For sure, the key issue for Monday’s summit was the irregular immigration deal between Turkey and the EU, almost two years after Ankara’s game-changer refugee proposal. The then Prime Minister Ahmet Davutoğlu came up with a political innovation to the EU Summit in order to stop the flow of refugees through the Aegean Sea which had put pressure on European governments. Even the future of Schengen’s open borders was questioned in EU corridors. If the refugee flow was not at least slowed down, hard borders were waiting to be reinstated. Turkey agreed to the return of all refugees who passed through its borders and proposed to send one Syrian already in Turkey for each newcomer who entered its territory. Suddenly, the once uncontrollable flood virtually stopped. Just a few days after the start of the new process, the flow dropped by 97 per cent. It was the power of diplomacy, political innovation and the Turkey-EU partnership which stopped what warships and satellite surveillance couldn’t.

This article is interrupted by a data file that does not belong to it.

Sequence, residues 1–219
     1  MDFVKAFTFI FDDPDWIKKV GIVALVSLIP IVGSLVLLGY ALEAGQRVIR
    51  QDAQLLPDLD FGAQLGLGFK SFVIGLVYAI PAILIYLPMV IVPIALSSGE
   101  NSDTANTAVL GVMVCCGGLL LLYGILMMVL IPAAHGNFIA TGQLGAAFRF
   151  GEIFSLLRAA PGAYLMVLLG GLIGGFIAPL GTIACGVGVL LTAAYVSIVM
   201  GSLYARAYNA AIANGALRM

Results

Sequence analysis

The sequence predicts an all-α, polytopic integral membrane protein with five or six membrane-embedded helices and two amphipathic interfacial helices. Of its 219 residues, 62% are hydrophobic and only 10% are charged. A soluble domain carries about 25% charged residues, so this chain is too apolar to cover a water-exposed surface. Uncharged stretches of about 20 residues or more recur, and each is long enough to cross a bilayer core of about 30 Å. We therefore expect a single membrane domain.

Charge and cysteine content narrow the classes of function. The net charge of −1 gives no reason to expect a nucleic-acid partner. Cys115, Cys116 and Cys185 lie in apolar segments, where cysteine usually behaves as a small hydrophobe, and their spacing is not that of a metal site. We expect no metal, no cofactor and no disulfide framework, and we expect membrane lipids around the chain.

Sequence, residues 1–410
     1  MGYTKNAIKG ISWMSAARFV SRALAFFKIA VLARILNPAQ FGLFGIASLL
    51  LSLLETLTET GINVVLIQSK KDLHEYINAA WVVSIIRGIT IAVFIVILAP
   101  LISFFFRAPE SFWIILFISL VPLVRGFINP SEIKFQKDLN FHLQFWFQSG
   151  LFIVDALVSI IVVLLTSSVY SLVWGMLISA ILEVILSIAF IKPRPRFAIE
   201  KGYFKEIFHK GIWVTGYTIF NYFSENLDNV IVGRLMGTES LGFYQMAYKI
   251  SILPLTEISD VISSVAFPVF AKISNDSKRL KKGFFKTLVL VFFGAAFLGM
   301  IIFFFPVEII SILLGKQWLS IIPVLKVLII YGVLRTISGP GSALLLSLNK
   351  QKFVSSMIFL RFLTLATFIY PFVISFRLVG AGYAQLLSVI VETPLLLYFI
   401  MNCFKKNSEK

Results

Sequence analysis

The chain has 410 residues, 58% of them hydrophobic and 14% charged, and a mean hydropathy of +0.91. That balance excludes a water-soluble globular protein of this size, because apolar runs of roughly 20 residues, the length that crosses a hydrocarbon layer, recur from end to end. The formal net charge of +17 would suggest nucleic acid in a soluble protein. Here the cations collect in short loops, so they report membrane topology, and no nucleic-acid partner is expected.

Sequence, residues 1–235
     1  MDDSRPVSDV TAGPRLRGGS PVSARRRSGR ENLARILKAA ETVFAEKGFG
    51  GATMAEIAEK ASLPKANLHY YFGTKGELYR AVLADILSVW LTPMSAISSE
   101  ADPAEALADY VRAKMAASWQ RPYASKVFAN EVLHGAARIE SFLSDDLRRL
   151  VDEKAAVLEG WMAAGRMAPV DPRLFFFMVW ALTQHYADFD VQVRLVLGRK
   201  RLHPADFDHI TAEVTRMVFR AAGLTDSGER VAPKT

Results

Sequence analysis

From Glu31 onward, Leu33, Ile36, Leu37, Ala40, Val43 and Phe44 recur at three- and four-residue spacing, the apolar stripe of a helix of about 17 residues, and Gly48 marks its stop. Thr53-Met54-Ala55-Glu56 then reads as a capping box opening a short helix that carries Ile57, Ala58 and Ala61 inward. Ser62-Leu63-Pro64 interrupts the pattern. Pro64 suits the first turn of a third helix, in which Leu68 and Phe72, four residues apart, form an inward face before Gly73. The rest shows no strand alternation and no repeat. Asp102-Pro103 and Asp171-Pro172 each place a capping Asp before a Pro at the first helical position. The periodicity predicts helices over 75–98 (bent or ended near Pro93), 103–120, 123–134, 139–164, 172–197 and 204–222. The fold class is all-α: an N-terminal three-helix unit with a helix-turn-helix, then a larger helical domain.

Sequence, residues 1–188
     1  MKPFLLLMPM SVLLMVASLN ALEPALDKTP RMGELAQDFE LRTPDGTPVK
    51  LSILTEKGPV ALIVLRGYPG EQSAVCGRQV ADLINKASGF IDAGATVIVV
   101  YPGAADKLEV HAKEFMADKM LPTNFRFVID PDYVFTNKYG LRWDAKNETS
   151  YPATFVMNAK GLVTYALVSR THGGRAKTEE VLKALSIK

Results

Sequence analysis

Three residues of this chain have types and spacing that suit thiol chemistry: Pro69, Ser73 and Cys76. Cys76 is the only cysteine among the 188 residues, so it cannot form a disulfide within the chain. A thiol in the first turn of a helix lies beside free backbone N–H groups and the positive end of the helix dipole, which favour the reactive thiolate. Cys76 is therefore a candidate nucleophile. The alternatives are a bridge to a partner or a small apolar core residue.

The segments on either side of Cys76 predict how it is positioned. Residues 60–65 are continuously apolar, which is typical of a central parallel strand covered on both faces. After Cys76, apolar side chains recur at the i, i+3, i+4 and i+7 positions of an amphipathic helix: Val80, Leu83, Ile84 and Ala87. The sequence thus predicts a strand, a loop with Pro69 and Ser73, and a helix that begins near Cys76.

In return, the EU promised visa-free travel for Turkish citizens to become a reality by the end of June 2016, and €6 billion financial aid to ease Turkey’s already massive burden of caring for the refugees. Almost one-third of this has been paid, but the balance is waiting for EU approval and Turkey’s projects to be submitted. Furthermore, no steps have been taken by the EU yet with regards to visa-free travel, the essential element of the deal for Ankara. The EU has already got what it wanted; there are no crowds of refugees in Turkey waiting to cross to Greece or Bulgaria, so Erdogan’s government shouldn’t let the Europeans forget their visa promise (unlike others which have been overlooked). There are still some steps to be taken by Turkish officials to finalise the technical aspects of visa liberalisation, but they are not real obstacles for the final implementation of the process as long as Brussels has the political will to do so.
As expected, Messrs Tusk and Juncker brought the Cyprus issue to the talks and press conference. Tusk’s eyes never left his statement as he read it out; it was clearly written in Brussels, not Varna. Oil drilling operations are unacceptable for Turkey unless a comprehensive deal on Cyprus is achieved through negotiations under the UN mandate. The EU is aware of how big a mistake it was to get Cyprus into the club without a political solution.